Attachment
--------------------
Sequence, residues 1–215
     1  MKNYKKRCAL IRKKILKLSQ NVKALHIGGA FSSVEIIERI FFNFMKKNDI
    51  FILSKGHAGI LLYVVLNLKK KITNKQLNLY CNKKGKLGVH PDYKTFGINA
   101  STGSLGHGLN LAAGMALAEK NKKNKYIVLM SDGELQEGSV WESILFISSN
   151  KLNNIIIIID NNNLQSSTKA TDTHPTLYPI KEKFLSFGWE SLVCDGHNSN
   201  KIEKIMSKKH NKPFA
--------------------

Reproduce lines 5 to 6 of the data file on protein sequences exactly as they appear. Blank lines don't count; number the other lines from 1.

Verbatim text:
   151  KLNNIIIIID NNNLQSSTKA TDTHPTLYPI KEKFLSFGWE SLVCDGHNSN
   201  KIEKIMSKKH NKPFA